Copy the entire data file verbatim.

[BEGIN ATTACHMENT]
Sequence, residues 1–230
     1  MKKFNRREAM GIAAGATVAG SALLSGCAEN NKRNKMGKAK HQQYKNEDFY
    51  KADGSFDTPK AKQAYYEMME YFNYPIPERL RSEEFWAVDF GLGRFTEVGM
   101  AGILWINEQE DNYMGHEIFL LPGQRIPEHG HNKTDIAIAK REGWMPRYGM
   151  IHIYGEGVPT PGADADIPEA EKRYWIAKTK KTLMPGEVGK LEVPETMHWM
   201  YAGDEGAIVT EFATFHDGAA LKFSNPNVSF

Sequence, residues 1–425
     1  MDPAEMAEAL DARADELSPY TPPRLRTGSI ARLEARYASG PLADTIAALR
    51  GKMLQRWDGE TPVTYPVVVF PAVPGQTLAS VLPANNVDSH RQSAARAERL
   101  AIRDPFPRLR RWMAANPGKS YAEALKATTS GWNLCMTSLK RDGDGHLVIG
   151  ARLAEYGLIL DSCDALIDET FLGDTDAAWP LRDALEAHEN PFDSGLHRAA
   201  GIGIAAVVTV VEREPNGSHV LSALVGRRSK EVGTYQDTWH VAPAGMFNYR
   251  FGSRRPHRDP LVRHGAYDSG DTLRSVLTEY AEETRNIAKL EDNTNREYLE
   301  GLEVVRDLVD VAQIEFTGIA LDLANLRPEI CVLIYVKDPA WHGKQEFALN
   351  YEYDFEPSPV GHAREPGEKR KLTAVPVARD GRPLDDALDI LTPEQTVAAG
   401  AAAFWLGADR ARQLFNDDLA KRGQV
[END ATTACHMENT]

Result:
Sequence, residues 1–230
     1  MKKFNRREAM GIAAGATVAG SALLSGCAEN NKRNKMGKAK HQQYKNEDFY
    51  KADGSFDTPK AKQAYYEMME YFNYPIPERL RSEEFWAVDF GLGRFTEVGM
   101  AGILWINEQE DNYMGHEIFL LPGQRIPEHG HNKTDIAIAK REGWMPRYGM
   151  IHIYGEGVPT PGADADIPEA EKRYWIAKTK KTLMPGEVGK LEVPETMHWM
   201  YAGDEGAIVT EFATFHDGAA LKFSNPNVSF

Sequence, residues 1–425
     1  MDPAEMAEAL DARADELSPY TPPRLRTGSI ARLEARYASG PLADTIAALR
    51  GKMLQRWDGE TPVTYPVVVF PAVPGQTLAS VLPANNVDSH RQSAARAERL
   101  AIRDPFPRLR RWMAANPGKS YAEALKATTS GWNLCMTSLK RDGDGHLVIG
   151  ARLAEYGLIL DSCDALIDET FLGDTDAAWP LRDALEAHEN PFDSGLHRAA
   201  GIGIAAVVTV VEREPNGSHV LSALVGRRSK EVGTYQDTWH VAPAGMFNYR
   251  FGSRRPHRDP LVRHGAYDSG DTLRSVLTEY AEETRNIAKL EDNTNREYLE
   301  GLEVVRDLVD VAQIEFTGIA LDLANLRPEI CVLIYVKDPA WHGKQEFALN
   351  YEYDFEPSPV GHAREPGEKR KLTAVPVARD GRPLDDALDI LTPEQTVAAG
   401  AAAFWLGADR ARQLFNDDLA KRGQV